6. Lee et al. Histidine and carnosine delay diabetic deterioration in mice and protect human low density lipoprotein against oxidation and glycation. Eur J Pharmacol 513:145-50 (2005).
  7. Hammes et al. Benfotiamine blocks three major pathways of hyperglycemic damage and prevents experimental diabetic retinopathy. Nature Med 9(3):294-9 (2003).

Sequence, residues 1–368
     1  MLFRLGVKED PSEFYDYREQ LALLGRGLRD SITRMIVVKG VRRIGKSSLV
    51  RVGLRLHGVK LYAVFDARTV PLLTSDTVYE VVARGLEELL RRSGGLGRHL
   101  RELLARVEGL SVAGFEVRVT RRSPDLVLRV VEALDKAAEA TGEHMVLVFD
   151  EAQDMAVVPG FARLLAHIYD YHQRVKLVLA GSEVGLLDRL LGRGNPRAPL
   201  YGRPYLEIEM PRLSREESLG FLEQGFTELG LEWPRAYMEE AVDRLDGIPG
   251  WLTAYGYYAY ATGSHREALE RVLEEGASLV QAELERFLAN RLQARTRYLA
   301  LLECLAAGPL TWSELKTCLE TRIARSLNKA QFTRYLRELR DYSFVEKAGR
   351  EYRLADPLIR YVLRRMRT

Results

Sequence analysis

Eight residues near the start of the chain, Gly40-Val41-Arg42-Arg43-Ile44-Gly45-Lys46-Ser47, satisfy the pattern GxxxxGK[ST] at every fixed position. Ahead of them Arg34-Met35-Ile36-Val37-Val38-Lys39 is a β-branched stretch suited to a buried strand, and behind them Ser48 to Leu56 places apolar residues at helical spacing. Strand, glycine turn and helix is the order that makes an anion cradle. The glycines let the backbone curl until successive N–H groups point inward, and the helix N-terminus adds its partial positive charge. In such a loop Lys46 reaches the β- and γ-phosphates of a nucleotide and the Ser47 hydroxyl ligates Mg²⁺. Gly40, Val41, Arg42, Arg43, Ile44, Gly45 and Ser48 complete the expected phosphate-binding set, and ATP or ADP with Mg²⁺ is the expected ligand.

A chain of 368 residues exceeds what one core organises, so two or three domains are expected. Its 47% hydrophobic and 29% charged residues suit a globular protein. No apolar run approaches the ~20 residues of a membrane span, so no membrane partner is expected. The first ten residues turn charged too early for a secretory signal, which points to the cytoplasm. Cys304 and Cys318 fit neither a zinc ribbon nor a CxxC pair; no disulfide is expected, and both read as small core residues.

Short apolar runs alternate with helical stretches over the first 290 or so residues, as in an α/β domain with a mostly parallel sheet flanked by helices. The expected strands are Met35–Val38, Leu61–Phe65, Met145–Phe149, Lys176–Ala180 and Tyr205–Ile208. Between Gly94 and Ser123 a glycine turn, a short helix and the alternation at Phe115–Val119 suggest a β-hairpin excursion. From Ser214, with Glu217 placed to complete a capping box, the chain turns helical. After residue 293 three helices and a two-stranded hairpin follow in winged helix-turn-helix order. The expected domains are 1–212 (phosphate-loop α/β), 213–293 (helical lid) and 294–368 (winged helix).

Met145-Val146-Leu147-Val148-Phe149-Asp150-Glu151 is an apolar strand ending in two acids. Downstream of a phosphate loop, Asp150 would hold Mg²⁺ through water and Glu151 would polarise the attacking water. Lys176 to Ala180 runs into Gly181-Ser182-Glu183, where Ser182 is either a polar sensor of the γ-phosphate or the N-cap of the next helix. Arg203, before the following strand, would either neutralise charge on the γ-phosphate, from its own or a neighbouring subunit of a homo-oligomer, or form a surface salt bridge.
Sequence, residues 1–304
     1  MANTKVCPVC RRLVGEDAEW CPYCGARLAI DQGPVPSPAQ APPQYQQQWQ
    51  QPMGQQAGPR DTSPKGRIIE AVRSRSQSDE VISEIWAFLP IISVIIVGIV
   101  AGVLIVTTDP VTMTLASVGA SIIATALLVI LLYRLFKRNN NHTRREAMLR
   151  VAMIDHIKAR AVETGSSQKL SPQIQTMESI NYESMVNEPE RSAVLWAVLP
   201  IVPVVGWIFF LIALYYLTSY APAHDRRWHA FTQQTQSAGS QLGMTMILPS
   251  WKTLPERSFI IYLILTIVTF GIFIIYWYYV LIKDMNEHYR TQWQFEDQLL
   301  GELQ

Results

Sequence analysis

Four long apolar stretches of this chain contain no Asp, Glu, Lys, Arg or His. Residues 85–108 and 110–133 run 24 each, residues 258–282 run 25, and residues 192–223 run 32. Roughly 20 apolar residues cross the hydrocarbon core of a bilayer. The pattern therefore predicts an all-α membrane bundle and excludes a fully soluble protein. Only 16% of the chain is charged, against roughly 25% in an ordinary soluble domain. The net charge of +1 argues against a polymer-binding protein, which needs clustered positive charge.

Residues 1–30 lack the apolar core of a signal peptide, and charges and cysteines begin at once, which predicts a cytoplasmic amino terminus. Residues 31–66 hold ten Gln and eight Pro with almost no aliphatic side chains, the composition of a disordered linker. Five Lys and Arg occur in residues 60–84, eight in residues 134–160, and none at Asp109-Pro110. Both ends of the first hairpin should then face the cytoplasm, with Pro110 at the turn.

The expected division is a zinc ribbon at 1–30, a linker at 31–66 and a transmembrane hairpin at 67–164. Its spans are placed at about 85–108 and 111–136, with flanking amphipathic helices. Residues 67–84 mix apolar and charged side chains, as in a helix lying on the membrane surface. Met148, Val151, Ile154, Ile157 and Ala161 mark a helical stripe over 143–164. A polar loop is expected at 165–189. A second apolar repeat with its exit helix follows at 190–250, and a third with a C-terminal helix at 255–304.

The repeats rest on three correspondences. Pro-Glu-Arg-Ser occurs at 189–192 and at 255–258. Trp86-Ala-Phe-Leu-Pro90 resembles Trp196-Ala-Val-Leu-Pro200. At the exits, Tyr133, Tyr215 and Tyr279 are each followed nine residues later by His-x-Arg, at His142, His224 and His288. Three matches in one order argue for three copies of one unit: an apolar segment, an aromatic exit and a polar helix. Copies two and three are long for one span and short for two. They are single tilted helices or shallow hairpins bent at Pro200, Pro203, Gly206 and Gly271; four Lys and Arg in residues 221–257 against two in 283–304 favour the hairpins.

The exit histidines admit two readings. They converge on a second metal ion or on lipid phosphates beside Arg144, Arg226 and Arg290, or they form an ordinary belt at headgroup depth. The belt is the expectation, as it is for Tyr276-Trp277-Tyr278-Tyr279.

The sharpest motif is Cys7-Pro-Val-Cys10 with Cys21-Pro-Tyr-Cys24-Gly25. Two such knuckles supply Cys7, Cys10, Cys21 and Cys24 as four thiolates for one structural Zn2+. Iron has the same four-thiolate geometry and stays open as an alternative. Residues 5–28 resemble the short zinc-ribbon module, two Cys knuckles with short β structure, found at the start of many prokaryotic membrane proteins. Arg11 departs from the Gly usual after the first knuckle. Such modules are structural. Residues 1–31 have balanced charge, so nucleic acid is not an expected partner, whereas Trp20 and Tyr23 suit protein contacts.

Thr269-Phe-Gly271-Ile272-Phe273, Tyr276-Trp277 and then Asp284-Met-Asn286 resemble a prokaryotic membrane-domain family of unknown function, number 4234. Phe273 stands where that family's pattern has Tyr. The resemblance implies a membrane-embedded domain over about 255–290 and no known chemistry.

8. Bierhaus et al. Advanced glycation end product-induced activation of NF-kappaB is suppressed by alpha-lipoic acid in cultured endothelial cells. Diabetes 46:1481-90 (1997).
  9. Kunt et al. Alpha-lipoic acid reduces expression of vascular cell adhesion molecule-1 and endothelial adhesion of human monocytes after stimulation with advanced glycation end products. Clin Sci 96:75-82 (1999).

© Copyright 2008 by Durk Pearson & Sandy Shaw®